More people are being diagnosed with and dying from kidney cancer in England today, compared to 10 years ago according to new figures released.
Incidence rates have increased by 31% over the last 10 years and mortality rates have increased by 7% over the last decade, with around 3,500 people dying from kidney cancer in England in 2011.
Of those diagnosed with kidney cancer, approximately 71% will survive for at least 1 year, with around 54% surviving for at least 5 years.
However, the earlier kidney cancer is diagnosed the higher the chance of survival - when diagnosed at the earliest stage, 1-year survival is as high as 92 to 97% compared to just 25 to 32% at a late stage.
One of the reasons people do not receive an early diagnosis is believed to be the public's lack of awareness of key symptoms.
Blood in pee - even if it appears just the once - could be a symptom of both bladder and kidney cancer. However, a recent survey shows that the public don't recognise the seriousness of the sign - almost a third (30%) of people would wait and see if they spotted blood in their pee again before taking any action, which could delay their diagnosis.
These figures have been released as a new NHS Be Clear on Cancer campaign has been launched to drive awareness of kidney cancers.
Professor Kevin Fenton, director of health and wellbeing at Public Health England, said: "Receiving an early diagnosis increases the chance of survival for the 16,600 people who are diagnosed with bladder or kidney cancer every year in England."
Chief Medical Officer Professor Dame Sally Davies said: "Too many people are dying unnecessarily from bladder and kidney cancers because they don't know the symptoms to look out for that could save their lives. That is why this new Be Clear on Cancer campaign is so important.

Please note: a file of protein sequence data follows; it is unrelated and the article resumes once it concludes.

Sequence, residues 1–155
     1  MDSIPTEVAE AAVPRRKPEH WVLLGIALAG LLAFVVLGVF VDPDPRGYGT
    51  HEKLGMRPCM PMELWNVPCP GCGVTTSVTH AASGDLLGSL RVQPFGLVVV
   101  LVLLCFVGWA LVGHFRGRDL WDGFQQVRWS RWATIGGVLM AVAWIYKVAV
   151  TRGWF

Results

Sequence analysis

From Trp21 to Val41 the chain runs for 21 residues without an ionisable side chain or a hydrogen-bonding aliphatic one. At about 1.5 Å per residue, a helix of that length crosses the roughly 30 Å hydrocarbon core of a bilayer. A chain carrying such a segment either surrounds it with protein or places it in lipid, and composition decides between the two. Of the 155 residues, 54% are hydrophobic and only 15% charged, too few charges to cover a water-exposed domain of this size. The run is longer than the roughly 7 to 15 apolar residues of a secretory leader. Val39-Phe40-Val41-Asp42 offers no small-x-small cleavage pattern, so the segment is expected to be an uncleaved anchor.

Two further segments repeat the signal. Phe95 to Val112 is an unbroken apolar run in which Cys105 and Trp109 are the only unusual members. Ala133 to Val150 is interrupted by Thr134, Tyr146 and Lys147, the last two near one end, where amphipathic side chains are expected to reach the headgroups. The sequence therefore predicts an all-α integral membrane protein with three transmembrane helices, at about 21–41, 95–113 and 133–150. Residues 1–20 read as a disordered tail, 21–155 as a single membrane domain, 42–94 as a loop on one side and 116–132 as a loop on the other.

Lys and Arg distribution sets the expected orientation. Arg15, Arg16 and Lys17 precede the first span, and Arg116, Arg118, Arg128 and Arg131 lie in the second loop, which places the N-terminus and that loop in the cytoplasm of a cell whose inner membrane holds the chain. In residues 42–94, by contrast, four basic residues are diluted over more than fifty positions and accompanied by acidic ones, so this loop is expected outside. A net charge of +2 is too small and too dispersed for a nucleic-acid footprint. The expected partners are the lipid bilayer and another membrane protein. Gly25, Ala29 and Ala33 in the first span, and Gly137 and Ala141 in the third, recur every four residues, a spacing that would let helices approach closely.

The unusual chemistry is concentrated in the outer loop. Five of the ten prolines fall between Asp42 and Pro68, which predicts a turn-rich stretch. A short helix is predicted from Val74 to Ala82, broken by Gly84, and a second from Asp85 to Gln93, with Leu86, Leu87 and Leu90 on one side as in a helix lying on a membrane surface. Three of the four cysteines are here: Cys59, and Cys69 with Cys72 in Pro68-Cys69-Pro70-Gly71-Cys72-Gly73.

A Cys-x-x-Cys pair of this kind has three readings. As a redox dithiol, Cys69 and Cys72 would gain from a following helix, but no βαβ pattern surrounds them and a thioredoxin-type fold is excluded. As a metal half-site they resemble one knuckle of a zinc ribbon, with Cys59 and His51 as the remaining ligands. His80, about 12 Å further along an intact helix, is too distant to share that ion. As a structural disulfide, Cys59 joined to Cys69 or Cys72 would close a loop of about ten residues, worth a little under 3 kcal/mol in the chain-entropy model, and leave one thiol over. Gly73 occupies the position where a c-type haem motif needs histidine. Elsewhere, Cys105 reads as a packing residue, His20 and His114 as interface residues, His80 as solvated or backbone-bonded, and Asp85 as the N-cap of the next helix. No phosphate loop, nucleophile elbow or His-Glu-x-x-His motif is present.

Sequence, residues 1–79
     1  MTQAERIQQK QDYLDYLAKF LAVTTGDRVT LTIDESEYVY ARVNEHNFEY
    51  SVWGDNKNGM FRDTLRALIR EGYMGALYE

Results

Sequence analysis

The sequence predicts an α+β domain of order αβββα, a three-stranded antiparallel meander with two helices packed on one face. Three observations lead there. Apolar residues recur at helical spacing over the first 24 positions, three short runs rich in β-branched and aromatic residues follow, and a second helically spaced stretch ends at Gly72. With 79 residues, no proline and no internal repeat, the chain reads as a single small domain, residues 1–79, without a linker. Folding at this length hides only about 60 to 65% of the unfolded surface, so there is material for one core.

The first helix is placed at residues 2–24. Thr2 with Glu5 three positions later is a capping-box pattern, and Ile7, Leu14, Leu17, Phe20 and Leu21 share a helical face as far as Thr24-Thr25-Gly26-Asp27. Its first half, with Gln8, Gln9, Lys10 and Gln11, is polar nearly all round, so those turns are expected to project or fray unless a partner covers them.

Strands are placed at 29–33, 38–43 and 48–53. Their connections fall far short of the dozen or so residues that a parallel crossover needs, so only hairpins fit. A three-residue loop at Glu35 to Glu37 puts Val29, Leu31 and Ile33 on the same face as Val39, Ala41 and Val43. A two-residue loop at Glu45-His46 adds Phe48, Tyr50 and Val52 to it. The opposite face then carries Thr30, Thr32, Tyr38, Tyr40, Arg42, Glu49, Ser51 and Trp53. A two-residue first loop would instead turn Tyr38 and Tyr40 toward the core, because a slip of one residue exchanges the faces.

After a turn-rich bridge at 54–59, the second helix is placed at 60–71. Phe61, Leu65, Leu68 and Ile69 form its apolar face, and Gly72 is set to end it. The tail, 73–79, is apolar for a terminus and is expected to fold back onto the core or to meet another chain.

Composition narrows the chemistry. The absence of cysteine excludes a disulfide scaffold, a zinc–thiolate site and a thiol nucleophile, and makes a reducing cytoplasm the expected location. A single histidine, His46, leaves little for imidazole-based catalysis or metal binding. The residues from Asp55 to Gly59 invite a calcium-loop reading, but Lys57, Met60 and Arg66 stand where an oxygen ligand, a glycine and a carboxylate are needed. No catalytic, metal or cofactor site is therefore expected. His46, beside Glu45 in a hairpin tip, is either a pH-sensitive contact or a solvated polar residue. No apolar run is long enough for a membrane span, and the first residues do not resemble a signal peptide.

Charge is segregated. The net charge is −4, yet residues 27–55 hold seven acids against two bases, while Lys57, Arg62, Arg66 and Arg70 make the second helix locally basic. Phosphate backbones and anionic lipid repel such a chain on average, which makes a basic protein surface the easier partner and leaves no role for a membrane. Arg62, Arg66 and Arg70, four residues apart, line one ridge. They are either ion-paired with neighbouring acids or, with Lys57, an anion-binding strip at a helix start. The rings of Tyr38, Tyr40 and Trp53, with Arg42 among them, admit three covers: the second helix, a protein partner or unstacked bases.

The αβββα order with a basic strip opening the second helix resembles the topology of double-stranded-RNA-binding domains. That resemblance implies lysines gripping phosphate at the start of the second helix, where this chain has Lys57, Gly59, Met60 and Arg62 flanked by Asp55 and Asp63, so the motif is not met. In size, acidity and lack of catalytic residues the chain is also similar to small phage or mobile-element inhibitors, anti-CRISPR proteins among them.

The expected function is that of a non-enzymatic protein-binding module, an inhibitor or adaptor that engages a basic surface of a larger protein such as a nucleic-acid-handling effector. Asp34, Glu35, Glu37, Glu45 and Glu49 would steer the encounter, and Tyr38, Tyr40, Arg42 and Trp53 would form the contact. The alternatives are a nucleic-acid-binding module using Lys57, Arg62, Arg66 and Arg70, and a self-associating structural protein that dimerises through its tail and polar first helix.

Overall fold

"Getting people diagnosed early is a crucial part of this government's drive to have cancer services amongst the best in the world and save an extra 5,000 lives every year by 2014."
Sean Duffy, national clinical director for cancer at NHS England, said: "Over the last 10 years we have seen the incidence rate of kidney cancer increase by 31% which is a substantial climb and largely down to unhealthy lifestyles . Although survival rates have been improving, this rise in cases has led to an increase in the number of deaths from the disease.
As an increasing number of people are affected by kidney cancer, it's important that the public are aware of the early signs to look out for, such as blood in pee. Only then will we see an increase in early diagnosis rates and a further positive impact on England's survival rate.
"Currently, around 1,000 deaths from bladder and kidney cancer could be avoided in England each year if survival rates matched the best in Europe."
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